“It’s been held that we can estimate the value of any particular civilization by the quality of the literature it provides,” says the poet Anthony Hecht. “It is a way of articulating the aspirations, ambitions, the hopes, the anguish of people and it’s therefore a valuable record of the state of the soul of a people.”
In this issue of Humanities, we take a look at the way we express ourselves, from the cadences of poetry to the slang of the streets. Hecht talks with NEH Chairman Bruce Cole about the path that led to his becoming a poet, beginning with his fascination with the poetry of John Donne and George Herbert, and the idiosyncrasies of language. “Sometimes I can fall in love with a poem, for instance by a French poet, and find that I simply haven’t got a way to convey it in English. I can love it without being able to find the right words to give an equivalent in English.”
Defining the peculiarities of English--or more precisely, American English--is a theme in this issue. Two book series and a new film are lending an ear to American speech. Volume two of The Historical Dictionary of American Slang continues the work of tracking phrases such as gung ho and AOK as they make their way into the lexicon. “People have a choice of what kind of language they use,” says co-editor Jesse Sheidlower. “It’s not so much that people don’t know the standard usages. There are situations that require standard discourse, but those represent a small part of everyday discourse.”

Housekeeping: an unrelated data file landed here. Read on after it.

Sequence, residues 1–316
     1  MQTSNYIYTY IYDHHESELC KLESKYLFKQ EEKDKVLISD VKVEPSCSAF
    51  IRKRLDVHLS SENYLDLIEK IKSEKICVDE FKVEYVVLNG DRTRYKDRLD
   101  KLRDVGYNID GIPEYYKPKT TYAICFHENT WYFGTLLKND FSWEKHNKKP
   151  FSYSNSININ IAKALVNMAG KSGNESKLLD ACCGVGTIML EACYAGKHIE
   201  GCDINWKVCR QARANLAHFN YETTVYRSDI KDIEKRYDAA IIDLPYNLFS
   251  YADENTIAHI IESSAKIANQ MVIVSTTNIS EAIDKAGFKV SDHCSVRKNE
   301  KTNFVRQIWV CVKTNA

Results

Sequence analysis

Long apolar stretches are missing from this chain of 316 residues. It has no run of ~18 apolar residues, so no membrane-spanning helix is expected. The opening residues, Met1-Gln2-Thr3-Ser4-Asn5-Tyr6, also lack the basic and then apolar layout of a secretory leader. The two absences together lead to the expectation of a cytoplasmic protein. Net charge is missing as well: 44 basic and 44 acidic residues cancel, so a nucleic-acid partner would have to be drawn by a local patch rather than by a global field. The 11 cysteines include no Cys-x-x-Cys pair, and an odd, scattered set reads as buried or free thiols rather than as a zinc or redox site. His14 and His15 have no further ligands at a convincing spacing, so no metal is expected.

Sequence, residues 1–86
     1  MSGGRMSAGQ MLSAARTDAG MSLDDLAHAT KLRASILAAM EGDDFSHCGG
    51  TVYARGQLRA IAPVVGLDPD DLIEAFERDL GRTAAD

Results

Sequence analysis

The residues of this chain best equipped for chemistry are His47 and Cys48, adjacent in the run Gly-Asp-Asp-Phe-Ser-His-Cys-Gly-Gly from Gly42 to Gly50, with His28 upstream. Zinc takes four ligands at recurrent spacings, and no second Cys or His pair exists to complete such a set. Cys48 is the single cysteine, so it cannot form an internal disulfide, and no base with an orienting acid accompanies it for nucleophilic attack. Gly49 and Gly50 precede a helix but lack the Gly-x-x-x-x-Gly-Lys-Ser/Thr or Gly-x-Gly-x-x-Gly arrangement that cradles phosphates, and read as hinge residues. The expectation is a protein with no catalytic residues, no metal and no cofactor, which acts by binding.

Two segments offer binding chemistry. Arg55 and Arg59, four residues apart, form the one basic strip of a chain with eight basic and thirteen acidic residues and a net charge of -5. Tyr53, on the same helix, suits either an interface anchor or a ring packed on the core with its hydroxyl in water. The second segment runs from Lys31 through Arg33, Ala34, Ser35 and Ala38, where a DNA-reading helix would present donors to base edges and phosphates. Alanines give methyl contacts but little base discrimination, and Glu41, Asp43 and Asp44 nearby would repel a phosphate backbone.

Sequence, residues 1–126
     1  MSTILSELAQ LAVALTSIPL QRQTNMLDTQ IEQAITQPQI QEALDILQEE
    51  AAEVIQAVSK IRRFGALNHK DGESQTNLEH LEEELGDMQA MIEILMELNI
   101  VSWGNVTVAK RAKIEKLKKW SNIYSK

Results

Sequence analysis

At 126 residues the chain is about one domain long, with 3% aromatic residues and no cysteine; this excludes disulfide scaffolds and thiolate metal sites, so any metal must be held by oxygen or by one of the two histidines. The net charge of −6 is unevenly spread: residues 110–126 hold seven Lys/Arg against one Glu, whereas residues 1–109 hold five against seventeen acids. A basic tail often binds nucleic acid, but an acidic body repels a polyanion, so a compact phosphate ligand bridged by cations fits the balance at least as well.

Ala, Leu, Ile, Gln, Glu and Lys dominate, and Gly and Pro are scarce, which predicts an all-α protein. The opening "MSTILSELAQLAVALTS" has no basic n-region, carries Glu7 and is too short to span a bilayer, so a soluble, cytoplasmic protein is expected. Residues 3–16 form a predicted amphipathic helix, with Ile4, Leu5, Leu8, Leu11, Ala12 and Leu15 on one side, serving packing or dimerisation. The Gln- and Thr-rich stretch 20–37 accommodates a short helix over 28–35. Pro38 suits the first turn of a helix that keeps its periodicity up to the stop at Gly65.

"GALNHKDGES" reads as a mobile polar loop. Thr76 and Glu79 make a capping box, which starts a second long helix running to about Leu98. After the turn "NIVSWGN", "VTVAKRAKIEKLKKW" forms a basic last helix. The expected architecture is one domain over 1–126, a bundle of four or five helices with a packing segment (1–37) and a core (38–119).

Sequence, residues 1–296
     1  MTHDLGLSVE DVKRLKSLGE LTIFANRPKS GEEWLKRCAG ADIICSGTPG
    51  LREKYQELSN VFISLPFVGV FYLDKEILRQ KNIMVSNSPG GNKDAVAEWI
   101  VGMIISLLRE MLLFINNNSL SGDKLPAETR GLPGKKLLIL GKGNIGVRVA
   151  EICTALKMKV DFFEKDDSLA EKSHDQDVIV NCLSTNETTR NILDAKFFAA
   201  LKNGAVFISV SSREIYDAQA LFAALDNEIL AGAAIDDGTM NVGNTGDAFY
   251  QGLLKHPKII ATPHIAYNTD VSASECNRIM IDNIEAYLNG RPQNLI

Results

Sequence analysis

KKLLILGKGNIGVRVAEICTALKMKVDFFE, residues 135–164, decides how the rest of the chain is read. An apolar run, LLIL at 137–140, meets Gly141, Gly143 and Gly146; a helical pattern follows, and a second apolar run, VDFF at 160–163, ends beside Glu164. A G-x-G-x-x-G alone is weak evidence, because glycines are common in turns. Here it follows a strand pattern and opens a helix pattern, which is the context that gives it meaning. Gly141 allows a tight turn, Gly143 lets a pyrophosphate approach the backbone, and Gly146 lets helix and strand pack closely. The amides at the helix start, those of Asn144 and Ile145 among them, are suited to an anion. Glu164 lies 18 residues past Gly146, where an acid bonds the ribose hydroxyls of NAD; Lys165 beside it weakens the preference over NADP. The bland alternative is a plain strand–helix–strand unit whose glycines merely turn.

The dictionary traverses the worlds of many in-groups--teenagers, athletes, musicians, and even criminals. The poet Walt Whitman saw a “lawless” quality in the slang he admired. “It is certain that many of the oldest and solidest words we use, were originally generated from the daring and license of slang.”
The slang dictionary’s older cousin, the Dictionary of American Regional English, is preparing volume five of its projected six. Joseph M. Romero, a lexicographer who did a stint at the Thesaurus Linguae Latinae, muses with editor Joan Houston Hall about the quirkiness of words.
“Everyone,” says Susan Mills, “has something to say about language.” She has put her views on celluloid as the executive producer of a film called Do You Speak American?, which airs this fall. The film visits a half-dozen towns across the country and finds there is no agreed-upon way to speak the language. Expression takes many forms--and is affected by region, economics, education, ethnicity, and social status. “When people talk about how they speak,” comments linguist Barbara Johnstone, “they are talking about who they are, and what it means to live where they live.”
Words, words, words. Walt Whitman gets the final one: a caution to those who get mired in etymology. “Language is not an abstract construction of the learned or of dictionary makers,” Whitman writes, “but something arising out of the work, needs, joys, tears, affections, tastes of long generations of humanity, and has its bases broad and low, close to the ground.”